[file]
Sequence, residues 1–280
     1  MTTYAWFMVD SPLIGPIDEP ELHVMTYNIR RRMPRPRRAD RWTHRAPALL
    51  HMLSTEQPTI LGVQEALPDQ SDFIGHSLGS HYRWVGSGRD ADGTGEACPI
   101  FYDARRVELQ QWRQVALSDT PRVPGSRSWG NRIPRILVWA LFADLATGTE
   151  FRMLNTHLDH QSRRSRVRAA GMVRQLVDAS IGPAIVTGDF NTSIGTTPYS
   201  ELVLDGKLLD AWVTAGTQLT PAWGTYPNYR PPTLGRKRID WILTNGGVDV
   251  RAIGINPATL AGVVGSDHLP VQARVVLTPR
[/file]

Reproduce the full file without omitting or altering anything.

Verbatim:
Sequence, residues 1–280
     1  MTTYAWFMVD SPLIGPIDEP ELHVMTYNIR RRMPRPRRAD RWTHRAPALL
    51  HMLSTEQPTI LGVQEALPDQ SDFIGHSLGS HYRWVGSGRD ADGTGEACPI
   101  FYDARRVELQ QWRQVALSDT PRVPGSRSWG NRIPRILVWA LFADLATGTE
   151  FRMLNTHLDH QSRRSRVRAA GMVRQLVDAS IGPAIVTGDF NTSIGTTPYS
   201  ELVLDGKLLD AWVTAGTQLT PAWGTYPNYR PPTLGRKRID WILTNGGVDV
   251  RAIGINPATL AGVVGSDHLP VQARVVLTPR